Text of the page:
What Do Small Businesses Mean to Politicians?

If you believe that politicians serve only the largest companies, then small businesses are simply kindling to fuel the fire of those companies that are truly creating jobs and economic activity.

Bernstein makes an interesting claim when he says

“The next time a politician tells you how he or she is for small business (which will likely be the next time you hear a politician say anything), be mindful that to the extent that size matters at all for job growth, it’s really about new companies that will start small and, if they survive, perhaps grow large.”

A constant stream of new small businesses who hire people help make politicians look like they are doing a good job, even if most of them ultimately fail. As long as they are able to sustain their narrative, new companies will be started every day. Though we know that most of these companies don’t hire anyone, some of them do, which helps.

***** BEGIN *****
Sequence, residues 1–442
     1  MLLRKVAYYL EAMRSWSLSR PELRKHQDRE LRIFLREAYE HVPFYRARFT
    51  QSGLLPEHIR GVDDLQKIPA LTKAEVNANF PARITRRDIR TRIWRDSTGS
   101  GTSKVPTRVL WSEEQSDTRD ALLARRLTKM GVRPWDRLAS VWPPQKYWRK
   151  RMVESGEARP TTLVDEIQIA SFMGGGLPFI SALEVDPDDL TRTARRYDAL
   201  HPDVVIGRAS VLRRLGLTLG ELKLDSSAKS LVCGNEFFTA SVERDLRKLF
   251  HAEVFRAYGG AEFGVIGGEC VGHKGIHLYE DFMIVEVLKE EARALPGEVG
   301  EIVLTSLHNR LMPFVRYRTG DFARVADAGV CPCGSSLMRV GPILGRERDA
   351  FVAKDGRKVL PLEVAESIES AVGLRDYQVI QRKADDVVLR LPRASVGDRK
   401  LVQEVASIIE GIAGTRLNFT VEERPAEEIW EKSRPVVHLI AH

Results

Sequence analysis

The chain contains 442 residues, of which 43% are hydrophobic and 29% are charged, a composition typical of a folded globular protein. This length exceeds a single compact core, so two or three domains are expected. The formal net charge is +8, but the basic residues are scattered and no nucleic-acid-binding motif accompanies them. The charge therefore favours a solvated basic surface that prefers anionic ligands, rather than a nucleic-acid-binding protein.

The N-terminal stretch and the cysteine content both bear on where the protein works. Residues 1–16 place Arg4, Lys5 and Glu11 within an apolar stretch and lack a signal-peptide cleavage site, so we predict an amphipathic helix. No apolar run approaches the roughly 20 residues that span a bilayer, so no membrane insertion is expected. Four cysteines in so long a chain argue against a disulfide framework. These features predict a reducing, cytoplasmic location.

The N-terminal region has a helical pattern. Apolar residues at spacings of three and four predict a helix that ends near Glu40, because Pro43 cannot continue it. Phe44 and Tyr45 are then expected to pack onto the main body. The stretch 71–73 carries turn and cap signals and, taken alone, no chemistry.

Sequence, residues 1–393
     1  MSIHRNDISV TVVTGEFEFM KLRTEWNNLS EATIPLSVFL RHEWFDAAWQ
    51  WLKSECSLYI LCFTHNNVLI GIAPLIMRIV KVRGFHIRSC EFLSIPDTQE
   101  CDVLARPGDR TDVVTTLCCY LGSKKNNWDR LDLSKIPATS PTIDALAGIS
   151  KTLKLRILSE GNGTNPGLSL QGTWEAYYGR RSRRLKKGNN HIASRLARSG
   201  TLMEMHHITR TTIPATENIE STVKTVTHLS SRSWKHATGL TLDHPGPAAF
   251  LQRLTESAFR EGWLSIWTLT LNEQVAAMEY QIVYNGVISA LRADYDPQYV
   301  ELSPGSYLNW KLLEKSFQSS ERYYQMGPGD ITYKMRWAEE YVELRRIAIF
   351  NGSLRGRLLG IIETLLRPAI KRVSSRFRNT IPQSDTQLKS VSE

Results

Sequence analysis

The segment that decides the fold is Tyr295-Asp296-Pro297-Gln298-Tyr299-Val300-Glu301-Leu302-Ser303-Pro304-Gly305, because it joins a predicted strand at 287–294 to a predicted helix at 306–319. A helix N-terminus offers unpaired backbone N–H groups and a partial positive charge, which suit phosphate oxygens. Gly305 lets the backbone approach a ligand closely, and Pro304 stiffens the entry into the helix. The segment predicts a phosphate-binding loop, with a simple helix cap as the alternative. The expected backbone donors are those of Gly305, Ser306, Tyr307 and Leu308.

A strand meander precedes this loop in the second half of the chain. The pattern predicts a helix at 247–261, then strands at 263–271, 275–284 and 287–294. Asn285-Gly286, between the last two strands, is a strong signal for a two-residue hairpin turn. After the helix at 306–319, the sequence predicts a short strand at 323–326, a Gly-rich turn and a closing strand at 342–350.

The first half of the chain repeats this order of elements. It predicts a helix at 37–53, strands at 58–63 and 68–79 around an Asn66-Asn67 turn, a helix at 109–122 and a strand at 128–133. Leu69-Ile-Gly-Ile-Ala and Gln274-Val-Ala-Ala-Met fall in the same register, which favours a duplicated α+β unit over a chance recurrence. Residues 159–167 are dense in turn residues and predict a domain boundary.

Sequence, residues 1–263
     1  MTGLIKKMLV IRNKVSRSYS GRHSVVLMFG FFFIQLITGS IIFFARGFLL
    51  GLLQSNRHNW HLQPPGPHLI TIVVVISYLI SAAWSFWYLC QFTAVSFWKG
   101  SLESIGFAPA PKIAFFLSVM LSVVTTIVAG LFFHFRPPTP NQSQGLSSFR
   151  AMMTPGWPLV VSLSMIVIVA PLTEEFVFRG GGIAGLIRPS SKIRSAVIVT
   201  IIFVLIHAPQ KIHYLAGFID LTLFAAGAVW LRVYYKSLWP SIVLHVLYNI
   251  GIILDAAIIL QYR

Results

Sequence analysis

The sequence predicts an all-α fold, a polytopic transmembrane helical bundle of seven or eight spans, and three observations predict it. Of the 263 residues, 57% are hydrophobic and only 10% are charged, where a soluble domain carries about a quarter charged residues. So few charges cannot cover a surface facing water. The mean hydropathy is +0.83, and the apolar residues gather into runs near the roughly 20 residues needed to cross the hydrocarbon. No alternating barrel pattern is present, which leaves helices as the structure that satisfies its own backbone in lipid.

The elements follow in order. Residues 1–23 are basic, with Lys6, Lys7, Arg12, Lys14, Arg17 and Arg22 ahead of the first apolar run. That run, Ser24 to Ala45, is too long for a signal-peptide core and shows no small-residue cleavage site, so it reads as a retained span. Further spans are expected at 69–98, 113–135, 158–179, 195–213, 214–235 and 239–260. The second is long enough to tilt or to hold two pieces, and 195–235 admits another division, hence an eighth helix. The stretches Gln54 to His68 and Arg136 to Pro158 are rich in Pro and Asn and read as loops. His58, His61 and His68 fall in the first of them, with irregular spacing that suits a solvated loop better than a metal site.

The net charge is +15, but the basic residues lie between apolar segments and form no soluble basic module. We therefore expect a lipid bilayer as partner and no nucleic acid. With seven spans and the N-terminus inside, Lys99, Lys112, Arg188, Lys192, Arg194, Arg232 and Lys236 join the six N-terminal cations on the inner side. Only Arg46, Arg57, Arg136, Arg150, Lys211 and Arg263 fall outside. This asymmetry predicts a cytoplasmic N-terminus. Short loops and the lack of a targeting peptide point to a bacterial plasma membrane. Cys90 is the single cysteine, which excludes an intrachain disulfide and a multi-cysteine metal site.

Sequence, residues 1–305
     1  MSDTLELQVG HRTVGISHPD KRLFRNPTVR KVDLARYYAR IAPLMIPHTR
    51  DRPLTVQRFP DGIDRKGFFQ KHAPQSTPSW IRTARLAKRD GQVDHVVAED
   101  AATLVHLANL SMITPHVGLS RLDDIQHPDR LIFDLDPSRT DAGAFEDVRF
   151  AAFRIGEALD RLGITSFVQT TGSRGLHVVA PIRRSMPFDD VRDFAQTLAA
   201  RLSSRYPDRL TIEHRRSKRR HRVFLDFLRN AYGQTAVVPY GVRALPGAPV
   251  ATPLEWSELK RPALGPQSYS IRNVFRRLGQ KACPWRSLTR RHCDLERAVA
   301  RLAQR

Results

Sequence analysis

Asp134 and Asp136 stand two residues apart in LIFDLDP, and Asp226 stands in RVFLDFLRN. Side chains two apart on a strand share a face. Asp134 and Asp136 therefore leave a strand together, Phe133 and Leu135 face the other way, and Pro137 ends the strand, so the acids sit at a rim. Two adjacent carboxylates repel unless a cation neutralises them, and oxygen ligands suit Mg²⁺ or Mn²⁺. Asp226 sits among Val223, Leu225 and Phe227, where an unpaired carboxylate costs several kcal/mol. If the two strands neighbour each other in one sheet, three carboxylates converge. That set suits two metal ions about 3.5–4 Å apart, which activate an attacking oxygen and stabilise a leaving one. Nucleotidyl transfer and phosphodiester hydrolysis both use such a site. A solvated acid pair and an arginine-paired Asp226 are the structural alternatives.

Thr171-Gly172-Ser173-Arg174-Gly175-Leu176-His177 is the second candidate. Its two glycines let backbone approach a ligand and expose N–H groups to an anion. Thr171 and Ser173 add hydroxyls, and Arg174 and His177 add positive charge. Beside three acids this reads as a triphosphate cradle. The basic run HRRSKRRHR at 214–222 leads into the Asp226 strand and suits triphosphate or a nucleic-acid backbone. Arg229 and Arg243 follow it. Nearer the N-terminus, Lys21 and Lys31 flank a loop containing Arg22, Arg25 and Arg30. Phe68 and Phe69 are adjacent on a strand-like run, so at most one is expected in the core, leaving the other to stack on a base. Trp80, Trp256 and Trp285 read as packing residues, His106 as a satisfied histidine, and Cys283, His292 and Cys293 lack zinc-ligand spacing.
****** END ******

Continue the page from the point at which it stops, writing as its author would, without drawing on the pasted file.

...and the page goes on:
According to the NPR story, the business tax packages being pushed by the Republican Party wouldn’t provide much benefit to those companies who have no employees, or only a few employees (you know, the Mom and Pop operations that politicians love to talk about when they regale us with their stories of fighting for Main Street). The benefits will mainly go to the companies who have many employees, but still qualify as small businesses.

The economy is headed down a dangerous path. With the decline in manufacturing in the US, a service-based economy takes precedence. But when those who are essentially only qualified for blue-collar work (sorry, I don’t buy into the idea that “everyone can be a scientist or an astronaut or start the next Apple!!!!!!”) can’t find work, they have no money to spend on services or the crap at Wal-Mart.